"Well," she said with condescension and disdain, "your voice box looks atrocious. The entire thing is inflamed, a white blanket on your epiglottis suggests chronic infection, and I see at least three significant calluses on the vocal chords themselves. And that's without even doing a direct fiberoptic laryngoscopy! Honey, you need to stop whatever it is that you're doing if you want to be able to talk when you're 45!"

Last April I turned 45. Seems like yesterday.
Matt Kivel
Matt Kivel
Los Angeles-based songwriter Matt Kivel got his start working as a player in various bands during the first decade of the 2000s. Around 2013, Kivel quit playing with other bands to focus on his solo material. The first evidence of his work came in the form of some limited-run cassettes, but he truly came into his own with 2013's full-length album Double Exposure, released on the Olde English Spelling Bee (Julian Lynch, Ducktails) label. Kivel's solo work took a decidedly more subdued path than his previous affiliations, with shimmering ambient synths meeting muted acoustic songwriting and understated vocals. Second album Days of Being Wild, recorded with Palace Brothers member Paul Oldham over the course of the previous summer, saw release on the Woodsist label in 2014. The record found Kivel stretching out a bit more, both compositionally, and in his arrangements, which introduced more rhythm, pulse, and melodic texture.

In late 2015, Kivel joined songwriter Alasdair Roberts (Drag City) in his native city of Glasgow, Scotland, to record his third full-length album “Janus.” Roberts produced the project, and assembled a stylistically diverse supporting cast of local musicians to supplement Kivel’s desolate, acoustic songs. Over 11 musicians contributed to the music on the album, and their improvisations and sensitive instrumental interplay draw from the realms of avant jazz, traditional folk, classical, outre experimentalism, and straightforward melodic pop. Kivel’s vocals are pushed to the front and his lyrics cut clearly through the shifting instrumental backdrops. The album is simultaneously calm, warm, and uneasy. Never far from darkness.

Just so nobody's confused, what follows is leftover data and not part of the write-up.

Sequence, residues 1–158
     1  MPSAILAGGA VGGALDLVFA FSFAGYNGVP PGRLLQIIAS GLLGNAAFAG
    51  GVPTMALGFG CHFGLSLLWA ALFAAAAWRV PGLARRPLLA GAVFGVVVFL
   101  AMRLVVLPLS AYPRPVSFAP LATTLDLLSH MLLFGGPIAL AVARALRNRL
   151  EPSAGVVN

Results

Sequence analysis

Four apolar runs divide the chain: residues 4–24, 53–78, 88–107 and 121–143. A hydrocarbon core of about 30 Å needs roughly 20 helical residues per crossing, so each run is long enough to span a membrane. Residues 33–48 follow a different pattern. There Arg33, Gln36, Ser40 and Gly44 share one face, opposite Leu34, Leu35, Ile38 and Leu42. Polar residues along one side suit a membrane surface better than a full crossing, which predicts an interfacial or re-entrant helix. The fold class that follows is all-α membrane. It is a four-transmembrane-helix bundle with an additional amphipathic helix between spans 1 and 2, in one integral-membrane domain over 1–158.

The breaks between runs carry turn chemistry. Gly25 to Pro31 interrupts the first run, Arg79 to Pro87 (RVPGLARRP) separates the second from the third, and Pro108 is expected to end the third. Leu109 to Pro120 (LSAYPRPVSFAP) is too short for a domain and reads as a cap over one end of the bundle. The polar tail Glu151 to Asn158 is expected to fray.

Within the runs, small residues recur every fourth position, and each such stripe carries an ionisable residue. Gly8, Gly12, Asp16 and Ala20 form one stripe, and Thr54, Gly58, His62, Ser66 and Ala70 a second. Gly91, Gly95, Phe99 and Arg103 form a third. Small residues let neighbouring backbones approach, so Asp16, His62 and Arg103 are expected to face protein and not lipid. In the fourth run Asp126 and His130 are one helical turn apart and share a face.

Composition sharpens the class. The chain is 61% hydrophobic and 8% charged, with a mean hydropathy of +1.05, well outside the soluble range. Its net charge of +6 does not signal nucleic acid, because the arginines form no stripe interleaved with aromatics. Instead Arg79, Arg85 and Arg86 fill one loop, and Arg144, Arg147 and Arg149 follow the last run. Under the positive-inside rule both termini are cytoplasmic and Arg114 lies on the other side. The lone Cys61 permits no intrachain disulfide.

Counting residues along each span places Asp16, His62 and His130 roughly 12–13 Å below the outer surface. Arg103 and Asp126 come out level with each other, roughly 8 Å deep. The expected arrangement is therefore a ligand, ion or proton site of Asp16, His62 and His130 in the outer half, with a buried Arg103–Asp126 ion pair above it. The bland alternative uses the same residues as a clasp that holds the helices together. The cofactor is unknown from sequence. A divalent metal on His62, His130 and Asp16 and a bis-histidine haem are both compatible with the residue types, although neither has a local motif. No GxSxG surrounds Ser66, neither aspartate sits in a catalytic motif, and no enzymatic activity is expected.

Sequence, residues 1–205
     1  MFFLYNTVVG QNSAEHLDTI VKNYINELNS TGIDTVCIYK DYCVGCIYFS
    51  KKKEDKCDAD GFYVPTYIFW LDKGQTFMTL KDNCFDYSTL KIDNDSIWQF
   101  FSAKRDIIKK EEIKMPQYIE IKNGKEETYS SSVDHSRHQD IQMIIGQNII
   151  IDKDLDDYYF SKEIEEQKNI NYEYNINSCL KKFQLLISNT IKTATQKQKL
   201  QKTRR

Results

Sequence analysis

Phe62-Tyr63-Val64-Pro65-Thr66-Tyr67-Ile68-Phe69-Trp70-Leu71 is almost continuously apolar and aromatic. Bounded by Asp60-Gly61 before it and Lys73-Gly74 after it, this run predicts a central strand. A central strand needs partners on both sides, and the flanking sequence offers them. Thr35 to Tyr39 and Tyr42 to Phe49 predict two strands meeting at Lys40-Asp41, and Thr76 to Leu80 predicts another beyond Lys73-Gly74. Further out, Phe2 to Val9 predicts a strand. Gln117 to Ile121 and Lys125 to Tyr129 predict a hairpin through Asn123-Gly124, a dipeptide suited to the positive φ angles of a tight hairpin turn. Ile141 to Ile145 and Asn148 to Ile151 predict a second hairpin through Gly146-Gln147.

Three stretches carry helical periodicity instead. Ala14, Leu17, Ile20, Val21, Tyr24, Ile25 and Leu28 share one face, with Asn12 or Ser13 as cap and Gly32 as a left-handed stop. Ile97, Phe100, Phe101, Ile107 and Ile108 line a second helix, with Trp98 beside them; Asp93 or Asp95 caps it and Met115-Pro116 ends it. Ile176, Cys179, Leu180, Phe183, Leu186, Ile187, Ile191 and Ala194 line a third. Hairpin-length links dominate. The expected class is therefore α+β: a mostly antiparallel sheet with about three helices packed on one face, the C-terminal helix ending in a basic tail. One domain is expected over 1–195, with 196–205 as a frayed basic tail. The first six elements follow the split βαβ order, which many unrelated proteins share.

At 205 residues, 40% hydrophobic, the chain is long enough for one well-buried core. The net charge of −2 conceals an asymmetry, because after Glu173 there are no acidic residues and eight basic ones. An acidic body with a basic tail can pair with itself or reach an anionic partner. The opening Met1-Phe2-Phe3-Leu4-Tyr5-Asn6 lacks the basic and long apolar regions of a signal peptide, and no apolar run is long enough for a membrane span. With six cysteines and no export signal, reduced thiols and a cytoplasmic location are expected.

John Meeks
" John Meeks has been playing and recording for 15 years, but his new Three Song Demo is the pre-release EP to his first full-length album, due out this Fall. It isn't as if Meeks has spent more than a decade trying to come up with some complex musical formula. In fact, what is so compelling about Meeks' music is his simple, straightforward approach. The three acoustic, country-twinged songs are free of artifice, aren't overly produced or orchestrated, and sound effortless.

Musically, the basic arrangements of shakers, drums, acoustic guitars, and the occasional electric lead stick to classic country, singer-songwriter convention. "I draw a lot of inspiration from a lot of pre-1980 country music," says Meeks. "George Jones, Willie Nelson, Kitty Wells, Roy Acuff, Marty Robbins, etc." The influences are clear, but that's not to say the songs don't offer anything new. They stand out in no small part to Meeks' exceptional voice. The modesty of the instrumentation is what allows Meeks' folky vocals to shine through, and his raspy timbre and earnest tone make the music endearing.

The EP is surprisingly consistent, making it difficult to name a single best track. "Bay Moon" is the most upbeat of the three songs, thanks to its energetic percussion (Meeks actually majored in percussion performance in college). "I See Your Lips" is a front-porch rocking chair song with a few nice, well placed sing-a-long harmonies. "On The Road (Not Again)" features the only instrumental departure with a slight infusion of horns, but Meeks' unaffected croon still reigns true.

For the full-length record, Meeks is currently recording nine more tracks to be added to these three.

—Conor McKay,
Venue Information:
Bootleg Theater - Bar Stage
2220 Beverly Blvd
Los Angeles, CA, 90057